So what are the mini-games actually like? Why am I asking you? I’m supposed to be the one reviewing the game. Well, apart from the very occasional one, they’re mostly rubbish. In particular, there are a bunch of games that use the old style tried and detested gameplay that I thought we’d got rid of about two decades ago with those awful sports games. The ones that make you try to break your keyboard or joystick and possibly your hand by rapidly alternating buttons quickly to cause the character on screen to rapidly perform some completely unrelated task. In this case, you can also replace the button bashing with rapidly moving the mouse up and down instead. Either way, it seems more a combination of frustration and pain than anything even remotely approaching fun. Nearly all the games are really easy, as mentioned before, but of course, the very occasional ones that need to be repeated several times before you can beat them always end up being the most annoying ones in the game. In particular, there’s an awful, virtually impossible to control penalty taking football mini-game featuring a combination of the above mouse waggling, precision timing and attempts to fight the dreadful controls to try and aim the ball to create an experience unrivalled in its ability to irritate the player.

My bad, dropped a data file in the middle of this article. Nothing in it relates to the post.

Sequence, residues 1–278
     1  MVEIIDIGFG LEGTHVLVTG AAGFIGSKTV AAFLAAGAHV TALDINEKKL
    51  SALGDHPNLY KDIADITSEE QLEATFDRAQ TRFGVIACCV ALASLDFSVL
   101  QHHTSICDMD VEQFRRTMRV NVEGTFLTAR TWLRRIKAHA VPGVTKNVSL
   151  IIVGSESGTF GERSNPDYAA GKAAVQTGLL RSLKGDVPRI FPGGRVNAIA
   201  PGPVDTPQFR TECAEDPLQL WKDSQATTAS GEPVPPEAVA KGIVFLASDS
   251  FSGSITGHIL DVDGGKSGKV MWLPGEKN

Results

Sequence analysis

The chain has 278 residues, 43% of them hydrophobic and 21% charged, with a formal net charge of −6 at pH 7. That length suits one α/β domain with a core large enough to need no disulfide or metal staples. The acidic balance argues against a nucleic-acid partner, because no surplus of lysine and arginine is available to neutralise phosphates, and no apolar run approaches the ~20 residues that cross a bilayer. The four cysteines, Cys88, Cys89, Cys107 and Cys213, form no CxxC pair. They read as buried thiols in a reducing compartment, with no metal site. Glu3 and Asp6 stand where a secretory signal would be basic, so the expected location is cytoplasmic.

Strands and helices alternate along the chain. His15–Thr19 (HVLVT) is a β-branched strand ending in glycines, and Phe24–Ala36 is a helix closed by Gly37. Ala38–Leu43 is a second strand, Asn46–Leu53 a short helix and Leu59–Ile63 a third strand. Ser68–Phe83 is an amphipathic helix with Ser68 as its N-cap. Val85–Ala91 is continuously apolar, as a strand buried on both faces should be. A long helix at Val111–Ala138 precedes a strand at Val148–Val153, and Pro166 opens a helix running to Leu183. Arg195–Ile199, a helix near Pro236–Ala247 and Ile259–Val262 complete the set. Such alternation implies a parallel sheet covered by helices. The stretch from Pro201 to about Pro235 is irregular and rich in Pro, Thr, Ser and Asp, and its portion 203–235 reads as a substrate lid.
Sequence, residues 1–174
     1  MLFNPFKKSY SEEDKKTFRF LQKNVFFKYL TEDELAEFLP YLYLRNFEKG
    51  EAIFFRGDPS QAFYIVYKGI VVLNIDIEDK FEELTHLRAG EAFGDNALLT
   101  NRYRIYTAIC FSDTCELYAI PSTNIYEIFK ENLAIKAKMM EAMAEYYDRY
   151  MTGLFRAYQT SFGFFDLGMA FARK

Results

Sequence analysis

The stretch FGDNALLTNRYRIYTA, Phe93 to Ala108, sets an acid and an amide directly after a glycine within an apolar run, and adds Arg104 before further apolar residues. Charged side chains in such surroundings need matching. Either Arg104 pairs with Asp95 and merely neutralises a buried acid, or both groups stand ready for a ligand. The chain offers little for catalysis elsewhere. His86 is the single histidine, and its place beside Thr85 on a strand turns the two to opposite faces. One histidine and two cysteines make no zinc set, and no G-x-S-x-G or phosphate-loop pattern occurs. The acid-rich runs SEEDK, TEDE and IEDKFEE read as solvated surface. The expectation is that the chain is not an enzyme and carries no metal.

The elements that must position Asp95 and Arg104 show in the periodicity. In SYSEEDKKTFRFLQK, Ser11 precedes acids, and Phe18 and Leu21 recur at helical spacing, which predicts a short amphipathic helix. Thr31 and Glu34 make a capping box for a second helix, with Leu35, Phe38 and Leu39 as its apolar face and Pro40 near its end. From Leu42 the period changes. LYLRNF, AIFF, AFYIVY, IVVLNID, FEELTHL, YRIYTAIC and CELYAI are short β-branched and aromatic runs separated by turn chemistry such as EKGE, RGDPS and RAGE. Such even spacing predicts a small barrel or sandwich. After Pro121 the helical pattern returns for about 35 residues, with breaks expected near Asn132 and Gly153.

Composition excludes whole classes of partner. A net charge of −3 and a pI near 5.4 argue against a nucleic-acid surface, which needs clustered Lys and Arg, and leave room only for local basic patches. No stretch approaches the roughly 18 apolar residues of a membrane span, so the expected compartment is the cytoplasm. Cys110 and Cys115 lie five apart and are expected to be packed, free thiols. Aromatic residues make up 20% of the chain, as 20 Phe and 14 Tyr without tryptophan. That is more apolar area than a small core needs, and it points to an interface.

Each time Rayman enters the arena, he is presented with four doors leading to different tasks. After completing each of these, a fifth bigger game opens up, the completion of which leads to Rayman going back to his cell with another plunger. The tasks can be tackled in any order, but the fourth of them is always a very simple rhythm dancing game. Each one uses just two buttons, and features streams of rabbits coming in from either side of the screen in time to the music. When they reach the platforms to either side of you, you press either the left or right button depending on which side they’re on to increase your score. There’s a bit more actual skill involved in this one, although it’s still not especially exciting, and they do have a tendency to go on a bit too long.
The bigger final game of each set is a bit more successful. Other than the occasional set which ends with a rather awkward to control race, these are nearly always an on-rails first person shooter segment, involving shooting plungers at bunnies in a variety of different settings. These are all extremely easy, and of the nine hearts of health you have for them, I never lost more than two, and it was usually only a few seconds before I came across an health crate to top it up again. But they’re actually fun, which is something missing from much of the rest of the game. They’re also quite funny, with references to other games such as rabbit versions of Sam Fisher rappelling down the screen on ropes. They’re simple but enjoyable, and if more of the games in the collection had been along these lines the game could actually have got a decent enough score for what it does. But there are just too many problems.